After two weeks of walking in the shoes of world political leaders, the youth-led “mock COP26” climate summit published its conclusions on Tuesday, detailing an ambitious plan to tackle the climate challenge.
With the United Nations’ COP26 climate talks that were due to be held in Glasgow this year postponed until 2021, young climate activists decided to take action into their own hands. More than 330 campaigners representing 140 countries met virtually from 19 November to 1 December to discuss the climate emergency.
The initiative produced a treaty stating 18 principles, prepared with the help of a legal team so that governments can adopt it. The campaigners have invited countries to register their intention to implement their policies and will spend the next months in the run-up to COP26 urging them to act.
James Thornton, chief executive and founder of ClientEarth who was part of the legal team, said to the Guardian:
“The youth behind Mock Cop26 have created a powerful statement calling on governments to take action to protect future generations from the worst impacts of climate change.”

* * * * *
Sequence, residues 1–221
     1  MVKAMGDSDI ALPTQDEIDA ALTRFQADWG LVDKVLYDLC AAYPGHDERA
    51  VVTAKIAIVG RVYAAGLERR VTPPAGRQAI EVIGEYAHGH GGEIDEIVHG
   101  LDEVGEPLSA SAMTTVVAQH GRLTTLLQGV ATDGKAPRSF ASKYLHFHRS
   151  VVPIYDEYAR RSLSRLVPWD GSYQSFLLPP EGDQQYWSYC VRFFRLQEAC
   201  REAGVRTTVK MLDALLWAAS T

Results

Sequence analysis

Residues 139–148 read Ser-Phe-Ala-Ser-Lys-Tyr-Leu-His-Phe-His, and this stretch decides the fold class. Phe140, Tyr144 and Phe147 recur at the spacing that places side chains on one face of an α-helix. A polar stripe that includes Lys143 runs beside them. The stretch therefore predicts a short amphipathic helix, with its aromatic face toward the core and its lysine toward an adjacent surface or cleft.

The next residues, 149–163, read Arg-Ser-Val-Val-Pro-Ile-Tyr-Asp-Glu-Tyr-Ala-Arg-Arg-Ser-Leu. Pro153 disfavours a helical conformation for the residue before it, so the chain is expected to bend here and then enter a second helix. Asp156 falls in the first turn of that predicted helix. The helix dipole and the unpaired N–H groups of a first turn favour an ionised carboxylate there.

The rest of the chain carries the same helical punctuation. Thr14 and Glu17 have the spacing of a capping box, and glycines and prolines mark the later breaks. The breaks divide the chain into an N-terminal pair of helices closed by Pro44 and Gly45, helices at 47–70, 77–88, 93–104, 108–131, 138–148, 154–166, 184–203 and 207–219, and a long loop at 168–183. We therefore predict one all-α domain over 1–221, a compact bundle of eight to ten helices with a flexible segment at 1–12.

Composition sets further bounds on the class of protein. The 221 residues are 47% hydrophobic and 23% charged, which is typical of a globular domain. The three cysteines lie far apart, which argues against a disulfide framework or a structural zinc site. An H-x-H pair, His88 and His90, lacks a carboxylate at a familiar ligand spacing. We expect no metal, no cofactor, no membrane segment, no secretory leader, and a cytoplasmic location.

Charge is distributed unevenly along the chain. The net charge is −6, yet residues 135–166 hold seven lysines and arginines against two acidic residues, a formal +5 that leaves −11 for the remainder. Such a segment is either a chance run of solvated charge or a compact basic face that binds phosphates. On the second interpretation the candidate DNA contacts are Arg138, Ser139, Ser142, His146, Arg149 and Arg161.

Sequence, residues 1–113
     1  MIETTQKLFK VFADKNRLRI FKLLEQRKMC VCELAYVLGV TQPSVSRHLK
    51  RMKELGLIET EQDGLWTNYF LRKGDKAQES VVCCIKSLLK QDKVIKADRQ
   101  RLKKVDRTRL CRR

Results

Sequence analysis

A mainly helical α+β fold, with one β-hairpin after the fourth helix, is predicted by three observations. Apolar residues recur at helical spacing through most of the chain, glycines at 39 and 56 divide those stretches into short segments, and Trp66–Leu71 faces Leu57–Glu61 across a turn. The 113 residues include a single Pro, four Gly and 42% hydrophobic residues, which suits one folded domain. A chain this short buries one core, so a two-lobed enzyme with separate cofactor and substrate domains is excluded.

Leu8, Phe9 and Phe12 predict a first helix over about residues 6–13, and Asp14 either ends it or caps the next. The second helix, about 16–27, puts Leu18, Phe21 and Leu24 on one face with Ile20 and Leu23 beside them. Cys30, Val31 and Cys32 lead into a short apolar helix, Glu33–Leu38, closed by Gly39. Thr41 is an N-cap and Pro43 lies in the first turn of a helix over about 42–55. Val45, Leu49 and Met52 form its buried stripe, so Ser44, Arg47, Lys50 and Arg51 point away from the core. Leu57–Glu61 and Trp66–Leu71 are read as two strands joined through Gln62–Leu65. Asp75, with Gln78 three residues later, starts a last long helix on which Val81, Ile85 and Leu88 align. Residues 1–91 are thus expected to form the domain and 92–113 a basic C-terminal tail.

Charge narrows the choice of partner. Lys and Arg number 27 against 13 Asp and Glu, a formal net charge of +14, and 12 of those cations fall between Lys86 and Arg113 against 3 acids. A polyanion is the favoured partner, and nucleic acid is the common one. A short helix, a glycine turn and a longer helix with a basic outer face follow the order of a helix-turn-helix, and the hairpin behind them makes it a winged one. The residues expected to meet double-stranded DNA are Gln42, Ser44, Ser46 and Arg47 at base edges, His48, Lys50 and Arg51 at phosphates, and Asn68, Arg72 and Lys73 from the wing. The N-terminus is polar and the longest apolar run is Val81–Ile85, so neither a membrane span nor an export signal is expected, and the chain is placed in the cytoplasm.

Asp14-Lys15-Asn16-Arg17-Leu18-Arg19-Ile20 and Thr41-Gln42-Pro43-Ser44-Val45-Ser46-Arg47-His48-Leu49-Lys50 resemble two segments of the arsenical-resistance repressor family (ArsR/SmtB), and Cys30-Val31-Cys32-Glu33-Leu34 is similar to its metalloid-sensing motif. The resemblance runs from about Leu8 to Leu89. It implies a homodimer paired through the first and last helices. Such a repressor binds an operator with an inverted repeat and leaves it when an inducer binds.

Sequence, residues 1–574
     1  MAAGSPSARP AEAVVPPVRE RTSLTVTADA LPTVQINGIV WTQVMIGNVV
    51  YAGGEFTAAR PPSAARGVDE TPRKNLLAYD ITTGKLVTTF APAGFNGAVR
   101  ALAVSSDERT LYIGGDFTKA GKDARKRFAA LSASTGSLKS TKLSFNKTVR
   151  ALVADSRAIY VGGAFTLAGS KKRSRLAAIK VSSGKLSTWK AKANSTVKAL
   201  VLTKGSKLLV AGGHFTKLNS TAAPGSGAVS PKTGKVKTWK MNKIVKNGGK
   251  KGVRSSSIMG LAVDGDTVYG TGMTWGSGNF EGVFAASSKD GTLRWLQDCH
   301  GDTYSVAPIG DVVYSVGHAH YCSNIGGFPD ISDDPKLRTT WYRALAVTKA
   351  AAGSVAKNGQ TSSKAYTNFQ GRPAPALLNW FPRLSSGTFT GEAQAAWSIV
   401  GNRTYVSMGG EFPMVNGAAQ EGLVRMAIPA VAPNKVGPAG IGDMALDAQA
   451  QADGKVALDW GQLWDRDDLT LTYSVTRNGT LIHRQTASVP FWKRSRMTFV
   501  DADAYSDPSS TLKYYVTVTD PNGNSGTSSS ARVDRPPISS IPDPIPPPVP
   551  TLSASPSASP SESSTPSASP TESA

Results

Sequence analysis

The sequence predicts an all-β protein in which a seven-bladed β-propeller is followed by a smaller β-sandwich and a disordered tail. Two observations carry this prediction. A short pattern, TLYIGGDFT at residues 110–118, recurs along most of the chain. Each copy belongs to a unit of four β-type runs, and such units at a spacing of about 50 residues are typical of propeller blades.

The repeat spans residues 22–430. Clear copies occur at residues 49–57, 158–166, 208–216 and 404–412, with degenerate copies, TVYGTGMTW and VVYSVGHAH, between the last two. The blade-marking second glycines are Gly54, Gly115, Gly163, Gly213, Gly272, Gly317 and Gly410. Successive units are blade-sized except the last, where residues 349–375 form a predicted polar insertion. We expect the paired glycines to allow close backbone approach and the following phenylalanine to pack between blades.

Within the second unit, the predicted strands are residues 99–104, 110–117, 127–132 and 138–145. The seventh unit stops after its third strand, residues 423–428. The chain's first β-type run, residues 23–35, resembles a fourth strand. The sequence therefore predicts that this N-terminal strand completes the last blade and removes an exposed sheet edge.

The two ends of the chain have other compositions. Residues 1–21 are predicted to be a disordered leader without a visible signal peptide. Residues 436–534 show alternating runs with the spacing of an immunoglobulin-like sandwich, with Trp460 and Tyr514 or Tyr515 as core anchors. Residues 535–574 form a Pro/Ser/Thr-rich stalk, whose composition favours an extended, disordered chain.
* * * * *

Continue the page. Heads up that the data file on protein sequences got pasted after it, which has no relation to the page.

The conference highlighted young people’s concerns and the lack of political will up until now to address the climate emergency. In their conclusions, the campaigners called on world leaders to toughen regulations for polluting business activities and to hold legally responsible those who do not comply with these rules. They also urged governments to provide stronger support for education on the climate crisis and physical and mental health related to climate issues.
The climate activists debated different topics including climate justice, climate education, health, resilience and nationally determined contributions (NDCs), which are national commitments to reduce carbon emissions under the Paris agreement.
Here are some key takeaways:
Each country should ensure that children learn about the climate crisis but also about their connection to nature, for instance through indigenous peoples’ knowledge.
The text also demands harsher laws such as introducing the crime of ecocide, imposing sustainable practices on polluting businesses, and punishing those who make false claims against climate change.
Regarding mental health, the document highlights the problem of “eco-anxiety” particularly in children and asks governments to fund prevention and treatment for this condition.
The campaigners also call for countries to phase out fossil fuel energy production as well as non-essential single-use plastic.